The jury is still out on whether everyone will have access.
If you’re a little confused about Covax, the global coordinating effort to get vaccines to everyone in the world who needs them, you’re not alone. In the last two weeks, conflicting reports have emerged about whether South Africa has paid the money it owes to Covax, and how this will affect our chances of having a Covid-19 vaccine any time soon.
According to The Conversation, there are 260 Covid-19 vaccine candidates at various stages of development around the world. Of these, 60 are currently going through clinical, or human trials. A handful even claim to just about prevent Covid-19, or serious forms of it, entirely.
It’s good news for everyone. But has SA missed the boat?
As it turns out, there is no clear cut answer to these questions – yet.
Let’s start at the beginning. In April 2020, the World Health Organisation (WHO), the European Commission and France came together to try to find a way to ensure that everyone in the world would have equal access to Covid-19 vaccines. Covax, which stands for Covid-19 Vaccine Global Access, is an idea that emerged from this broader strategy. Covax involves bringing vaccine manufacturers, countries, scientists, philanthropists and the private sector together to make sure that Covid-19 vaccines are accessible to everyone, and to negotiate fair prices.
It’s supposed to take the competitive element out of vaccine distribution between countries. The goal is to have 2 billion doses of a vaccine available by the end of 2021, and to make these available to high risk, vulnerable people, as well as healthcare workers, first.
Countries participating in Covax are supposed to be guaranteed vaccine access to at least 20% of their populations first; these vaccines should also be made available as soon as they’re ready, at fair prices.
You can read the WHO’s entire Covax explainer here and check out its summary here:
Is SA involved?
Yes. SA is one of the countries participating in Covax right now. However, there’s been some confusion over whether SA paid its Covax contribution on time.
On December 3, President Cyril Ramaphosa announced that SA had pledged over R300 million to Covax, through the Solidarity Fund – which was set up by the government at the start of the pandemic to coordinate funds from donors and government to fight Covid-19 in SA.
Last week, News24 reported that SA had missed the deadline to make the required payment of R500 million to Covax, which was why the Solidarity Fund stepped in. But senior health and treasury officials also told the publication that the payment could not be processed until certain processes had unfolded, including properly assessing whether the payment was appropriate (they concluded that it was) and making sure the money for the payment could be found.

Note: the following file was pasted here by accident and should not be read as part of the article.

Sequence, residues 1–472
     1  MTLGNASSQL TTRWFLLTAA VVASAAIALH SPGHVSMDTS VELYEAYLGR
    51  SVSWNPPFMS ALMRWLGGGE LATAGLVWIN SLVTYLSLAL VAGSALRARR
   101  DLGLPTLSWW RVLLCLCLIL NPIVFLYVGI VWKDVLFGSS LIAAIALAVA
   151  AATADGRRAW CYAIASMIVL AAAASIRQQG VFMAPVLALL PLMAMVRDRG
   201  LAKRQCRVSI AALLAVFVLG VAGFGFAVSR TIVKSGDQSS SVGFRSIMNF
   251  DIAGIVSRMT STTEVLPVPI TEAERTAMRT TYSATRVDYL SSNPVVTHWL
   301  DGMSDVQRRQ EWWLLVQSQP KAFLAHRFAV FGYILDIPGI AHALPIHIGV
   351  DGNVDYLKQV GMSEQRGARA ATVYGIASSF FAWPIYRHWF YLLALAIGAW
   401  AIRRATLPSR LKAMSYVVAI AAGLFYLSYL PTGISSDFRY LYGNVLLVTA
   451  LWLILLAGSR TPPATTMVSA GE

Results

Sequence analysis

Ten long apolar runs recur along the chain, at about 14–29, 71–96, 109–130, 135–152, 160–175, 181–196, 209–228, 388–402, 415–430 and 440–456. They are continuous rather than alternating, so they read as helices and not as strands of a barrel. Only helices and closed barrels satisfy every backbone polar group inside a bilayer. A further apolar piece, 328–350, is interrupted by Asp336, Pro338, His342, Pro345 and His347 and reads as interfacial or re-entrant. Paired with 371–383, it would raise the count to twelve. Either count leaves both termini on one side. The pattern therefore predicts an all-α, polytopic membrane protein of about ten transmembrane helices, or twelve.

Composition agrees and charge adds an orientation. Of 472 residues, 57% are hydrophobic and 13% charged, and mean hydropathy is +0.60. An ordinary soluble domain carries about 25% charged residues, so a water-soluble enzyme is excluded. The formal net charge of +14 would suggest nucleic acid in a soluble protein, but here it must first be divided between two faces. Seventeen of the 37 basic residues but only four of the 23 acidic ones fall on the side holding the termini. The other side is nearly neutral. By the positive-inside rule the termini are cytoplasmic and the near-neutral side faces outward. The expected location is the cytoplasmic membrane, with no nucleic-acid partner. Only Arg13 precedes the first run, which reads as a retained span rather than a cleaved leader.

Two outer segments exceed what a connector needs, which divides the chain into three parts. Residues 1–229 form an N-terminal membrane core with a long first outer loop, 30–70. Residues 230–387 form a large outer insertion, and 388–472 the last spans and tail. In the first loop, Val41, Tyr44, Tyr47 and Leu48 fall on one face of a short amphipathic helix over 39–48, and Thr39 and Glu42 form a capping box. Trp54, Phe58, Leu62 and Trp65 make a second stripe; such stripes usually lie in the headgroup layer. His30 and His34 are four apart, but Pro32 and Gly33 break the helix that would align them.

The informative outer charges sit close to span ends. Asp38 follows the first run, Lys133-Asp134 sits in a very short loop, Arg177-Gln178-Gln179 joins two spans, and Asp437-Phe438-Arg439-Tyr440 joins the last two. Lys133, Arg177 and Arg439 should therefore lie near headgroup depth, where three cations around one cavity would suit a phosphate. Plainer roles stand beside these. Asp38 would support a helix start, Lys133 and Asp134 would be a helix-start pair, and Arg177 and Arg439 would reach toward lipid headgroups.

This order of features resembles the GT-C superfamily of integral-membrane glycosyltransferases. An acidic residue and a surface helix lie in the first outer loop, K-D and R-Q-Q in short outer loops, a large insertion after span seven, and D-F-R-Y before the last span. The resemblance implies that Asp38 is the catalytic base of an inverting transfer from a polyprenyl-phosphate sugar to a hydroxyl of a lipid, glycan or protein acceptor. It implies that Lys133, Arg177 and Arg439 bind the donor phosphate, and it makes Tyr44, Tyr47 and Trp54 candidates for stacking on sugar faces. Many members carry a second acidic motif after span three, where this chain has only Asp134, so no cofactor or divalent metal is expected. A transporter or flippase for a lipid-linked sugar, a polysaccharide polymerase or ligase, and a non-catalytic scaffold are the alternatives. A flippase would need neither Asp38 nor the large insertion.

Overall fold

Finance minister Tito Mboweni told Parliament that the deadline for the R500 million was actually December 15 and said it would indeed be paid.
But SA will reportedly need over R4 billion more to make sure it is at the front of the queue when a vaccine becomes available, he said.
Writing in the Daily Maverick this week, Fatima Hassan, head of the Health Justice Initiative, said it was not quite true that SA had missed the initial payment deadline. She said that Covax is a voluntary scheme, and much of what it entails is still being worked out by everyone concerned. For example, not all countries and drug companies have signed on, yet.
So will everyone have access?
The jury is still out on this one.
According to this report in the Daily Maverick, SA has spent about R10 million on vaccine clinical research and committed to join Covax. The report suggests that rich countries in the North, including the US and the UK, representing just 13% of the world’s population, have bought about half of the world’s potential vaccine supplies already. High income countries have reportedly already bought 80% of the two forerunner vaccine candidates, the Pfizer/BioNTech and the Moderna vaccine.
SA is currently conducting four Covid-19 vaccine trials, but there is also no guarantee that those vaccines will go to SA first.
What’s the problem?
One of the problems with SA joining up to Covax is that, because it’s considered a middle-income country, it doesn’t get any subsidisation for joining. It has to fork out that R500 million just like other countries with much bigger pockets. Nevertheless, SA has committed to make the payment, as Mboweni explained.
There are other challenges for us down South, and for the rest of the continent. For one thing, at least one of the vaccine front-runners needs to be transported and stored at extremely low temperatures – something that will not be easy for warm countries on the continent, according to The Conversation.
But importantly, governments – including ours – are actively trying to make sure these challenges are overcome. At an ANC NEC meeting this week, Ramaphosa said SA was in the final stages of finalising its Covax membership and that the country would likely have access to a vaccine for 10% of its population by mid-2021.